Bandai Namco, the game publisher behind popular titles like Elden Ring, Dark Souls, and Tekken, confirmed that it was the victim of a hack. According to a report from Eurogamer, the publisher says it experienced “unauthorised access” to its “internal systems” when the breach took place on July 3rd.
Reports that Bandai Namco suffered an attack surfaced earlier this week. On Monday, vx-underground, a group that tracks malware source code across the web, posted a screenshot on Twitter showing that the group behind the ALPHV ransomware, also known as BlackCat, added Bandai Namco to its list of victims with the words “data soon.”
“There is a possibility” customer information was compromised
While Bandai Namco’s statement confirms that a hack took place, it still doesn’t indicate who was behind the attack or what kind of data the hackers managed to steal (if any). In a statement obtained by Eurogamer, Bandai Namco says hackers targeted internal systems of its companies in “Asian regions (excluding Japan)” and that it has “taken measures such as blocking access to the servers to prevent the damage from spreading.” The company adds that “there is a possibility” customer information associated with its toys and collectibles business may have been compromised as well.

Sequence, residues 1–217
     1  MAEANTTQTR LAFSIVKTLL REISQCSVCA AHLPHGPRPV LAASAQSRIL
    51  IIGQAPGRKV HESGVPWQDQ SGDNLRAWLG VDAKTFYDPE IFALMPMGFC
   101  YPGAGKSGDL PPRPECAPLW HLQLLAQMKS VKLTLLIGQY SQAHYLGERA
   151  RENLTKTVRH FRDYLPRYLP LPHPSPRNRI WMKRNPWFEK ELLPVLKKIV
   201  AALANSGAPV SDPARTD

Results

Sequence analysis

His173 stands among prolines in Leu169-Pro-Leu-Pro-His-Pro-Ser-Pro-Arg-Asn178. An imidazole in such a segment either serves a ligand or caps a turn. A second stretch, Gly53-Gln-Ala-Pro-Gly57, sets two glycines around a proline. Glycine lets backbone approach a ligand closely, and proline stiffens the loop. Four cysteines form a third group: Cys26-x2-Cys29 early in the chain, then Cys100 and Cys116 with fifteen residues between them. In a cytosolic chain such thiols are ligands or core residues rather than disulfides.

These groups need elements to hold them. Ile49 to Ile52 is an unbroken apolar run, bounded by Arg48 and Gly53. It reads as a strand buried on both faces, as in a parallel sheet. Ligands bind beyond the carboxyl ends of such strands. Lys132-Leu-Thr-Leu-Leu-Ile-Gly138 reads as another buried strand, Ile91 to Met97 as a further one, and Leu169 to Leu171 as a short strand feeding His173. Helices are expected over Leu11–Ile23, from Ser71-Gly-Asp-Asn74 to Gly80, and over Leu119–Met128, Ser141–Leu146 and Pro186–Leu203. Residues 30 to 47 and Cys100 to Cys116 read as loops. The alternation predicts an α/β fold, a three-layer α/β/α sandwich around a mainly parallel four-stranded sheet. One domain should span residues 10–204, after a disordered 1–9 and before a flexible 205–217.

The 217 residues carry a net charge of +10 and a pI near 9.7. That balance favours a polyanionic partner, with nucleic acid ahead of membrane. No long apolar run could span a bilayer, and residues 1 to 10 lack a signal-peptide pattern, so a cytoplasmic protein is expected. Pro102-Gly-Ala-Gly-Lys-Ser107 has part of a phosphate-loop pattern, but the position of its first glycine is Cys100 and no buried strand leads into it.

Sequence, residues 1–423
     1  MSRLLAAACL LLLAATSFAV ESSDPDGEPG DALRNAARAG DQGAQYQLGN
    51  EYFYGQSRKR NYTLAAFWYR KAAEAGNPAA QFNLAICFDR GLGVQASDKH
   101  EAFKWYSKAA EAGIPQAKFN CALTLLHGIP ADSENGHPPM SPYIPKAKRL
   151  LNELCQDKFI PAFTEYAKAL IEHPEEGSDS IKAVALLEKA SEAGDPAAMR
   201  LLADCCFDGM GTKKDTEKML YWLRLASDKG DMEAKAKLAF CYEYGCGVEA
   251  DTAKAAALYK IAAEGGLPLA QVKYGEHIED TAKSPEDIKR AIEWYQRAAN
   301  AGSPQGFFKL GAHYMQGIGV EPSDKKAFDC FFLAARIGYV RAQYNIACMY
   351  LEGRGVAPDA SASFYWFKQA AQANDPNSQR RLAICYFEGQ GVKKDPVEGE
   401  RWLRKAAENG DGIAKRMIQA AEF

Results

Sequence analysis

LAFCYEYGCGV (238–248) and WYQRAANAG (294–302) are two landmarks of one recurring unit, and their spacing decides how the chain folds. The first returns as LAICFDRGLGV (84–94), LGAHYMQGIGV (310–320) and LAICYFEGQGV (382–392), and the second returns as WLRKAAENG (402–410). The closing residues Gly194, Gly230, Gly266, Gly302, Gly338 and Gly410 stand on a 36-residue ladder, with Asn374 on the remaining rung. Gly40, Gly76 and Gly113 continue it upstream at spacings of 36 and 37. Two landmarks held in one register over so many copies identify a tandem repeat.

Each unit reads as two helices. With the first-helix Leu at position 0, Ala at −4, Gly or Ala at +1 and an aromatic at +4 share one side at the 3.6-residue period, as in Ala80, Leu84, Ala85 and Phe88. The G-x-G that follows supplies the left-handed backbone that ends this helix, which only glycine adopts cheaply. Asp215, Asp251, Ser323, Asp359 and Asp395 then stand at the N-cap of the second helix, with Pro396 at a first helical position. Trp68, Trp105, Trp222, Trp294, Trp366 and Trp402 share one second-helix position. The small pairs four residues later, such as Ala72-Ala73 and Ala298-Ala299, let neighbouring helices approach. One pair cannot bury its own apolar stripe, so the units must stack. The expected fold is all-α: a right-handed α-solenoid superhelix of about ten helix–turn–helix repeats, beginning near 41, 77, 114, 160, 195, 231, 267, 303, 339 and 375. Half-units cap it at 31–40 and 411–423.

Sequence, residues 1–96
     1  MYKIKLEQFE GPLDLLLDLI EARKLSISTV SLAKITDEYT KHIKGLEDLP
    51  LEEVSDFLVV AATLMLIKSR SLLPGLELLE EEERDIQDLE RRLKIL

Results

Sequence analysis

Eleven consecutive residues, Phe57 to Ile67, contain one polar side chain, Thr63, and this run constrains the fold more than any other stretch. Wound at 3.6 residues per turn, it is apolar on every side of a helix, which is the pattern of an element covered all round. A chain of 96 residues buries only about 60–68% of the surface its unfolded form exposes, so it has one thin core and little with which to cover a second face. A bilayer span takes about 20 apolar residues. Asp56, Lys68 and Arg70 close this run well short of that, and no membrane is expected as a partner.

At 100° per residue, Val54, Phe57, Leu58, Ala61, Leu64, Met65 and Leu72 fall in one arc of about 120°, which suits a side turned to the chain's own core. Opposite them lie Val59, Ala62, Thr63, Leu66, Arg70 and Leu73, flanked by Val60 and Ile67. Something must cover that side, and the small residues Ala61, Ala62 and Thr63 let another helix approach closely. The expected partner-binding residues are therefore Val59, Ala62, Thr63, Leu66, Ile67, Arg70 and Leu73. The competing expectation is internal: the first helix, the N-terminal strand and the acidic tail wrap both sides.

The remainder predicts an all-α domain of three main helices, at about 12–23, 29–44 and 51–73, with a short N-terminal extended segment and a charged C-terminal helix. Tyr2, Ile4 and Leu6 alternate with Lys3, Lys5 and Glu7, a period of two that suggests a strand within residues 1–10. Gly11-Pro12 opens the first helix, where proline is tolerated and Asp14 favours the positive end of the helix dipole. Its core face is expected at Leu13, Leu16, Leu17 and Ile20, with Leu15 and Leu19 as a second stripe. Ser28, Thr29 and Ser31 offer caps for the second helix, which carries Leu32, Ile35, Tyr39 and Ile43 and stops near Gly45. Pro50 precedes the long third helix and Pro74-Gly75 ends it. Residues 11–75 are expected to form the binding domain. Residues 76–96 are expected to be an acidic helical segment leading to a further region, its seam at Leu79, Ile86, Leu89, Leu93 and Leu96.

According to BleepingComputer, the BlackCat ransomware group first emerged in November 2021 and has since breached over 60 companies across the world. The hackers behind BlackCat may be related to the bad actors who carried out last year’s major Colonial Pipeline breach. They recently targeted a government agency in Austria, a Swiss aviation service, and the luxury fashion brand Moncler. The BlackCat gang also started letting users search through stolen information on its site as a way to get its victims to pay up.
“We are currently identifying the status about [the] existence of [the] leakage, scope of the damage, and investigating the cause,” Bandai Namco explains. “We offer our sincerest apologies to everyone involved for any complications or concerns caused by this incident.” The Verge reached out to Bandai Namco with a request for comment but didn’t immediately hear back.